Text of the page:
Friday, July 22, 2016

Adventure Vacation Survival Guide for the Non-Adventurous Introvert

Our family pet, a betta fish, is the perfect pet for me. It loves swimming by itself and needs comfortable spaces for hiding. Typical introvert, isn't it? So you can imagine my trepidation when it was decided that we would go on a week-long family vacation in Colorado with my husband's large family. Sixteen people total, mostly active, outdoorsy people. Except for me. 

Let's talk about the destination. Is there any other place that invokes the idea of 'healthy, active lifestyle' more than Colorado does? Probably not. People here live to move. And eat kale and protein bars. I'm happy to be on a treadmill for 30 minutes while I munch on pork belly and crunchy peanut butter. I am certainly out of my element here and participating in all the adventure activities being planned by family members will surely kill me. It's either that or lack of oxygen due to the high altitude!


So how can someone like me, unadventurous with lots of aches and pains and who would rather recharge by being alone in her cave, survive this kind of vacation?

Here are a few tips I've learned along the way...

Dress appropriately. 

You can't dampen everyone's mood by simply saying you will stay home alone every time they go out. At some point, you will have to get outside and join your group. And even though you have no plans of getting bruised and broken, you need to at least dress the part. That way, you'll blend in. This also gives you some flexibility should you suddenly realize that there are some activities you can do at your destination for the day. An introvert can be a bit of a daredevil too from time to time, right? (And yes, I'm using 'daredevil' here quite loosely).


Bring a good camera or at least a phone with a good one. 

If you can, be the only one in your group with a camera! You'll be an indispensable resource and your group won't fault you for wanting to stay behind while they do all the active stuff. What kind of vacation would it be, after all, if there was no one to take all those action shots, right? You're not being a kill joy. You're merely doing everyone a huge favor and sacrifice so they can post something over on Facebook and Instagram. Win-win!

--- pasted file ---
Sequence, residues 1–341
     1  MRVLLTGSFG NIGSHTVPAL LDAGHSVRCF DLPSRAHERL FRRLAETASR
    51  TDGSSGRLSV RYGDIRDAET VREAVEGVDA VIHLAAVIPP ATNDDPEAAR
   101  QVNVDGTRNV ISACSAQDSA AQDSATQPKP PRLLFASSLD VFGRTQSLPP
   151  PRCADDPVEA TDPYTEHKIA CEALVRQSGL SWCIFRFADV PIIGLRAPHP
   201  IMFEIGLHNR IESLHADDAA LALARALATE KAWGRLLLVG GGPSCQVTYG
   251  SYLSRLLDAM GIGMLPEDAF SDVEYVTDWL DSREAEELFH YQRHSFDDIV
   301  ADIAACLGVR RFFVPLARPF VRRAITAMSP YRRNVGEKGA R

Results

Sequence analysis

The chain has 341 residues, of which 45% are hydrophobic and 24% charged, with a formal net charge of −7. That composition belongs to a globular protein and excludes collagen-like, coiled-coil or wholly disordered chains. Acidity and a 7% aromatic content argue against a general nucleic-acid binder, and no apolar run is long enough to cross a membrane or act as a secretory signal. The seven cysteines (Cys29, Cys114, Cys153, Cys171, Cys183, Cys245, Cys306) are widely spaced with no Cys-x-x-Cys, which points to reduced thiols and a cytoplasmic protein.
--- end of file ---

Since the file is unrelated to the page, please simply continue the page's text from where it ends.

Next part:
Be Shamelessly Creative

You know those signs at recreation parks identifying the activity they offer at certain areas? You know, like those that would say "Ski Adventure" or "Deadly Rollercoaster"? Yes, look for those big signs and pose as if you've just done it yourself, even though in reality you just ate ice cream or funnel cake while waiting for your crew who actually dared to risk their lives. Make sure you throw in a thumbs-up or two, as well as a happy exhausted face to make it believable. Don't worry about deceiving anyone who sees your picture online. Half of what you see on social media is a lie anyway.


See what I just did here?



Don't Say No to Everything
Though you know you're low on the scale as far as risk-taking behavior is concerned, I assure you that you can't write the entire outdoors off. There are still some activities that you can certainly choose to participate in. Go for an easy hike. There are also bike rides that are great for beginners and not-so-adventurous souls. Or simply take a stroll and enjoy the magnificent views around you. I understand that staying indoors is always a tempting idea but try to remember that you can do that anytime when you're home. You already traveled a hundred miles or so. Try to make the most out of the new scenery you find yourself in because you never know what wonders can surprise you.


Carve Out Some Me Time 
Even For Short Periods

It doesn't matter how big or small a group you're traveling with, introverts always need some alone time every single day. This helps us recharge, function and relate better. If you find yourself needing this while you're out, don't be afraid to walk ahead or walk behind. Try to find a quiet spot where you can also enjoy the sight, or at least pretend to. Excuse yourself and go to the restroom. Walk away to take photos of a good scenery, flower or rock. Whatever it is, just take a few minutes off from your group. They might not always understand but I guarantee they will appreciate how this can do wonders to your disposition in the long run. 


Whether in vacations or life in general, there are never guarantees that you'll only be traveling with like-minded people or kindred souls. But the variety in life is what makes it all fun and enriching. Wherever you find your self in, or whoever you may be with, just be present. Enjoy it and if you're truly lucky, focus on the fact that you are traveling with the ones you love. 
















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